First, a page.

dhuffman, MA, CEIP, CPRW, CPCC
Education Career Services/Career Services International
dhuffman@careersi.com

May 18, 2010

Interview over? What now?

Do thank you notes yield job offers? No, but they help by giving you another chance to sell yourself and show proper social skills at the same time.

Any form of communication with a possible employer can be your marketing tool. With this in mind, use your best sales skills, but don’t be too pushy. Stress that since learning more about the company and the position, you realize what a good fit you are and, having thought about this, you want to add some past achievements (or educational accomplishments) relevant to the job. Reemphasize your skills, mention any information you forgot during the original interview that will be impressive to the employer.

Keep in mind this is a thank you letter; that is the excuse for writing. It can be typed in a business letter format or handwritten using a pre-printed thank you note or professional looking stationary.  The letter should express your appreciation for the opportunity to interview and learn more about the position.

Some things you might want to include are:

* The day of your interview and the job for which you applied.
* Your continued interest in the position and the company.
* Your skills and qualifications and how you will contribute to the organization.

Be creative, the letter must be unique, not generic. It has to be flawless.

Write this letter as soon as possible after the interview. The employer should receive it within 48 hours, maximum. Obviously, the fastest way is to send it to him or her by email if you have their address. Don’t stop there; send a hard copy via regular mail as a follow up. That way you can be certain they receive some form of courtesy and, it will show you pay extra attention to details.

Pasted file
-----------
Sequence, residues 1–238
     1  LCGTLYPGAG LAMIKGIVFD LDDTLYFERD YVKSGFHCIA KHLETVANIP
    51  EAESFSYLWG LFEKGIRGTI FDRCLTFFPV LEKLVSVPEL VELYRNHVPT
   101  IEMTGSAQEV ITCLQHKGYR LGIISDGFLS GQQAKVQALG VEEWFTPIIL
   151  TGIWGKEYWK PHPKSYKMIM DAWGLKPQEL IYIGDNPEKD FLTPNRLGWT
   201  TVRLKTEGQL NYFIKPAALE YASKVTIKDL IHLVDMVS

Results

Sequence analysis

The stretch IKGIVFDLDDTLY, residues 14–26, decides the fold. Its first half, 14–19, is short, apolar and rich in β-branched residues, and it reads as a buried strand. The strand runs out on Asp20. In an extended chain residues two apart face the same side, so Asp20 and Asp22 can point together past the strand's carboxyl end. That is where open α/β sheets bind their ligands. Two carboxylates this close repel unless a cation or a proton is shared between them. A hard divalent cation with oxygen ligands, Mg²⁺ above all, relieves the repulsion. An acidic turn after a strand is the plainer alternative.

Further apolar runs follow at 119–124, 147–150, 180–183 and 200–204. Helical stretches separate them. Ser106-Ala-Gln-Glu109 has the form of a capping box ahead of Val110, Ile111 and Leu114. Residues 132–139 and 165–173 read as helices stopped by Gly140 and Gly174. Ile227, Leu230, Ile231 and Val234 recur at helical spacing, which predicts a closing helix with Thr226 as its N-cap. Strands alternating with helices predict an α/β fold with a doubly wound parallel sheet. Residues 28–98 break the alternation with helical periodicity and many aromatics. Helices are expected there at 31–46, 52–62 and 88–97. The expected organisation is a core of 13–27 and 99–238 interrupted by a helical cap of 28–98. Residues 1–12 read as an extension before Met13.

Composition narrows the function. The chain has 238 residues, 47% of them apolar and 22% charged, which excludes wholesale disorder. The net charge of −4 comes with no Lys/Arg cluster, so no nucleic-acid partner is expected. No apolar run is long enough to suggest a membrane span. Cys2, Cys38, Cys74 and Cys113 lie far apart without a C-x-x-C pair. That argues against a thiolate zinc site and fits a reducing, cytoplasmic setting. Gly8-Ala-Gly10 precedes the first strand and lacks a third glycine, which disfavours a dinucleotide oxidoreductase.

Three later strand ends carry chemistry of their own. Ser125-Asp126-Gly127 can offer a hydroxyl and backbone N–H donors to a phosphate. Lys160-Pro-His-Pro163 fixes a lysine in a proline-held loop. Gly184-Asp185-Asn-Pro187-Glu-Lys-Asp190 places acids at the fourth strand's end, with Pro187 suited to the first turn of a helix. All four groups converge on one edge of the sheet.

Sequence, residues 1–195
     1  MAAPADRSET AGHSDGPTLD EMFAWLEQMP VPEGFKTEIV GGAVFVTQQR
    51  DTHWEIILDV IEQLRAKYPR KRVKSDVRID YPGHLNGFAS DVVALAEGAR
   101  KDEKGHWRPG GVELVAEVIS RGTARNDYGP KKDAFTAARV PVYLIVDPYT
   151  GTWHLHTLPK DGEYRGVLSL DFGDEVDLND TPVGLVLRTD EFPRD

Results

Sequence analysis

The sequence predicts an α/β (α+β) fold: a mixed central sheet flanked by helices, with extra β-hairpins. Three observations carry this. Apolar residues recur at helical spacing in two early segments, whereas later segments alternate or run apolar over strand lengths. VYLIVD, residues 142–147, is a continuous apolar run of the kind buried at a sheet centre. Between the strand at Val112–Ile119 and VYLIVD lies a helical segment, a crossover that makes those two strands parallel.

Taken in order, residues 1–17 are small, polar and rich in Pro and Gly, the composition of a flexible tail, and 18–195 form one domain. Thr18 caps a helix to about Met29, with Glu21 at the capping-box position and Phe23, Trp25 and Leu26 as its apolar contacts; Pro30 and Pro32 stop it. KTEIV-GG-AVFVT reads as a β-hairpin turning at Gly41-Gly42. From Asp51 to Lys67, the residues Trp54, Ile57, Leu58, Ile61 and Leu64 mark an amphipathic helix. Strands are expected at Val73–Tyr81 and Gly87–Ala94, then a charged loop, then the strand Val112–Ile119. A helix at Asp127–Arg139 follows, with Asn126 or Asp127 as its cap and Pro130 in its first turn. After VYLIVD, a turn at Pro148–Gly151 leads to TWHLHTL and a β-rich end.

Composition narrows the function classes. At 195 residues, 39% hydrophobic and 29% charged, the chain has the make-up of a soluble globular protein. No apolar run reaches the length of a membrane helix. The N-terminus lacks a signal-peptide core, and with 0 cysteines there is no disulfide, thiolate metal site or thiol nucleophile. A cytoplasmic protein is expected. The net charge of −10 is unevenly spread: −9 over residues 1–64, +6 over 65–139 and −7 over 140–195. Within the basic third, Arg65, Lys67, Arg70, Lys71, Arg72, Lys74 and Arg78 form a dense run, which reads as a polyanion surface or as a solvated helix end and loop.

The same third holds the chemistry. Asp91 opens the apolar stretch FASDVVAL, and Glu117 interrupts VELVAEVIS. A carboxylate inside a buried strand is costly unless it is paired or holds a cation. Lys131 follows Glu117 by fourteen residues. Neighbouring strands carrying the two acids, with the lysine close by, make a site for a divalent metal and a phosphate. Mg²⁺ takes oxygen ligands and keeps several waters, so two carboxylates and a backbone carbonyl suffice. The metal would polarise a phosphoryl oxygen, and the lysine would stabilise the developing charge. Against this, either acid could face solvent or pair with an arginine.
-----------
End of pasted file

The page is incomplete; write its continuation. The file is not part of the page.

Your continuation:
To further assist you, take a look at five tips helping you write your thank-you note:

1. Have a friend proofread your letters for misspellings and grammar errors.
2. Keep it short. All you need is a few sentences
3. Thank everyone who interviewed you. If you met with more than one person at a company, send a letter to each and vary the content.
4. Reiterate your interest in, and qualifications for the job.
5. Include the best way to reach you, even if you think the interviewer knows it. Sign off by asking about the next step.

Placing yourself above the competition takes diligence and action. Employers want you to be the perfect fit… do you think its fun to interview people? Take it from me (I’ve interviewed hundreds), I dislike the whole process and truly hope the next person walking through the front door is the person for the job… and that person could be you!